Steven White

Steven White is a former TAP Online intern. He blogs at stevenwhite.typepad.com.

Recent Articles

ATHEISTS: CONSISTENT IN BEING IMMORAL.

ATHEISTS: CONSISTENT IN BEING IMMORAL. Via John Derbyshire , I find The Christian Post is reporting that a recent survey by the Barna Group shows evangelical Christians and atheists exhibit the most consistency between their faith and practice. Of course, for atheists, this means a "fundamental dismissal of social conventions and participation in favor of more self-centered views and behaviors helped them to stand out from the crowd in a different way." A few thoughts: First, coverage like this makes it less than surprising that atheists are perhaps the most stigmatized group in the country . A 2006 article in the American Sociological Review found they are more distrusted than Muslims, gay people, and other groups large numbers of Americans are leery of. People view them as "other" in a way that doesn't seem to make sense in a society becoming more tolerant of various faiths. The ASR article, however, argues this is precisely why atheists are stigmatized: With tolerance increasing...

The Myth of Bryan Caplan's Seriousness

Libertarians gather to hear the case against letting the ignorant, irrational masses decide the direction of society.

What happens when libertarians get together to talk about why people who disagree with them shouldn't make decisions, why democracy isn't really as important as people think, and why low voter turnout isn't a bad thing? People roll their eyes and move on, right? Actually, no. Apparently employees of government agencies, embassies, and think tanks trek down to 1000 Massachusetts Avenue to listen and be enlightened in the F. A. Hayek Auditorium. On Tuesday, the Cato Institute sponsored a panel discussing George Mason economics professor Bryan Caplan's new book The Myth of the Rational Voter: Why Democracies Choose Bad Policies (Princeton University Press, 2007). Cato Unbound managing editor Will Wilkinson moderated, Caplan gave an overview of his argument, and the Pew Research Center's Director of Survey Research Scott Keeter provided a few comments. "If you were to ask me, I would tell you that mammals make the best pets," Wilkinson explained by way of introduction. "But if you're...

WHEREIN I GIVE FUEL TO TOM SCHALLER'S FIRE.

WHEREIN I GIVE FUEL TO TOM SCHALLER'S FIRE. I like Sasha Abramsky 's review of Joe Bageant 's new book, Deer Hunting With Jesus , except for one off-handed comment in the last paragraph. While praising Bageant's work, Abramsky writes, "No single book will ever be able to fully explain why so much of impoverished America so consistently votes against its own economic self-interest." This assumption is a powerful one in liberal circles. Call it the Thomas Frank Theory of Why People Don't Vote For Us. Why would any working-class Southern white guy ever vote Republican? Well, maybe he really thinks an aggressive military is necessary. Perhaps "freedom isn't free" is more than an ironic statement for him. He might really believe criminals deserve punishments that only a Republican could dish out. Ditto on guns, abortion, affirmative action, etc. The point is, this has to be understood as being about more than the economic part of social class. Class is also cultural. And different cultural...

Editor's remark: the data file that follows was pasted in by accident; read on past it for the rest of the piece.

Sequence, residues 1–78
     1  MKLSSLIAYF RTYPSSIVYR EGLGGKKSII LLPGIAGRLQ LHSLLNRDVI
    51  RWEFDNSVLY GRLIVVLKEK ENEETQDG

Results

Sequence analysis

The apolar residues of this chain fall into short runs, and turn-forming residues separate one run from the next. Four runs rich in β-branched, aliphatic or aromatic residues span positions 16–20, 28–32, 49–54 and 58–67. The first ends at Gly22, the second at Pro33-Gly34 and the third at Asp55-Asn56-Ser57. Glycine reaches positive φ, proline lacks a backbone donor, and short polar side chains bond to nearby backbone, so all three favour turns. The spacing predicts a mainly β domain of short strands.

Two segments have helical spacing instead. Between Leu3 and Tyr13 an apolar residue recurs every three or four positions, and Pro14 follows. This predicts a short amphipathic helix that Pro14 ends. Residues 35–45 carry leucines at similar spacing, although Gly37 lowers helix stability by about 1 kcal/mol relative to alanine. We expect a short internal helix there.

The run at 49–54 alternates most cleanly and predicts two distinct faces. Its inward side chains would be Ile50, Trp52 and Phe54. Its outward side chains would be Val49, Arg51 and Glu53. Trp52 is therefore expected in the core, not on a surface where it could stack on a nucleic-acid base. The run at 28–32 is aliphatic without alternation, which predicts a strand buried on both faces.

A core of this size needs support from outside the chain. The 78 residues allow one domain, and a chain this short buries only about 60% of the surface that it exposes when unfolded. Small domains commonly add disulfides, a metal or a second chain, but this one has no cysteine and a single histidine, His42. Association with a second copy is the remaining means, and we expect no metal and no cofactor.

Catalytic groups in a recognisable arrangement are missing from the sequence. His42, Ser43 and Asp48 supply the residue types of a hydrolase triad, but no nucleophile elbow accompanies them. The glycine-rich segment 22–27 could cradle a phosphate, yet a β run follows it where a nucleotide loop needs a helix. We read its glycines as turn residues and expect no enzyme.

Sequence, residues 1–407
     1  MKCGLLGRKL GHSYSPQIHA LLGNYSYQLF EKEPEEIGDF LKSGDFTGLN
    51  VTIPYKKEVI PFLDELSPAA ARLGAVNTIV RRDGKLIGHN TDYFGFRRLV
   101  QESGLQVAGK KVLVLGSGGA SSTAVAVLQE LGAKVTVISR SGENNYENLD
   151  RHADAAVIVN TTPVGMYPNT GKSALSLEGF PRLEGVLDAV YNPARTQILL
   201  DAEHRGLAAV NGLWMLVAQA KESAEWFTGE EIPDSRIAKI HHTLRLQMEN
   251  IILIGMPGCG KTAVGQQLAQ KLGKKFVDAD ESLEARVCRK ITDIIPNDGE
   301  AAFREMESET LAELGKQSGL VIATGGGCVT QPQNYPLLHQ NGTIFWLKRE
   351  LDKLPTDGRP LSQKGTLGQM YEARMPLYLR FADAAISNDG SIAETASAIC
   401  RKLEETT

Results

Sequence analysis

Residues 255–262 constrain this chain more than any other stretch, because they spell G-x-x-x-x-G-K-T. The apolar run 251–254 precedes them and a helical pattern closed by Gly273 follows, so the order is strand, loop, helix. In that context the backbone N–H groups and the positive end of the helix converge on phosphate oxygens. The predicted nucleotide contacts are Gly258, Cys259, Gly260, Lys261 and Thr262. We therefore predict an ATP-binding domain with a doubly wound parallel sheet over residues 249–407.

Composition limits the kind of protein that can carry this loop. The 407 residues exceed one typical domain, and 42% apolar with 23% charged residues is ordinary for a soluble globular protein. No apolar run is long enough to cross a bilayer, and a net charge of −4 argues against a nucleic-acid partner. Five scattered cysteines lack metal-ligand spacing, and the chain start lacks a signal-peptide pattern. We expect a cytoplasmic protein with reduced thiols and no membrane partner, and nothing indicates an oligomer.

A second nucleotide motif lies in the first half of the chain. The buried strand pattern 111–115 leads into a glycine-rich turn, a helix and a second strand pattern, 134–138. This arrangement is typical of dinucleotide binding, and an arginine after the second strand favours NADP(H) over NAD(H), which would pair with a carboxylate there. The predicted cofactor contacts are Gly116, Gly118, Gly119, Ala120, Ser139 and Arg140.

EDWARDS VS. OBAMA ON POVERTY.

EDWARDS VS. OBAMA ON POVERTY. In today's WSJ , Christopher Cooper writes that John Edwards "seems to be playing an outsized role in driving the terms of the party's debate -- generally to the left -- on everything from Iraq to health care." Poverty also comes to mind. Referencing back to the 2004 election, Cooper writes: Mr. Edwards seems to feel freer to address issues that might alienate the party and business establishment. Just as former Vermont Gov. Howard Dean pushed the Democrats toward more staunch opposition of the Iraq war four years ago, Mr. Edwards seems to be having a big impact on forcing the pack to follow his agenda. Whether Cooper is right or not, Barack Obama did recently offer some poverty proposals of his own. As the Washington Post puts it : Edwards has focused on the malignant effects of the concentration of poverty in inner cities. He has argued for dispersing low-income families by replacing public housing with a greatly expanded rental voucher program to allow...

A QUESTION.

A QUESTION. Here’s something that's been on my mind -- and I think on the minds of some commenters -- especially with all the Democratic Party blogging lately: What, exactly, makes Hillary Clinton a strong candidate? Not just a "good" candidate, but a candidate worth supporting with one's primary vote? My take is that both John Edwards and Barack Obama are simultaneously more liberal on the issues than Clinton but perceived by the electorate to be more moderate. This seems like a dream combination for progressives. Clinton, on the other hand, is the relatively centrist candidate, but perceived by many to be extremely liberal, which actually seems like the worst imaginable combination. Not to mention the fact that a Hillary Clinton presidency means four people from two families will have controlled the White House for at least 24 years (32 if you count the first Bush's vice presidency). Aside from the identity politics discussed by Sam and Ezra , what am I missing? If Clinton is the...

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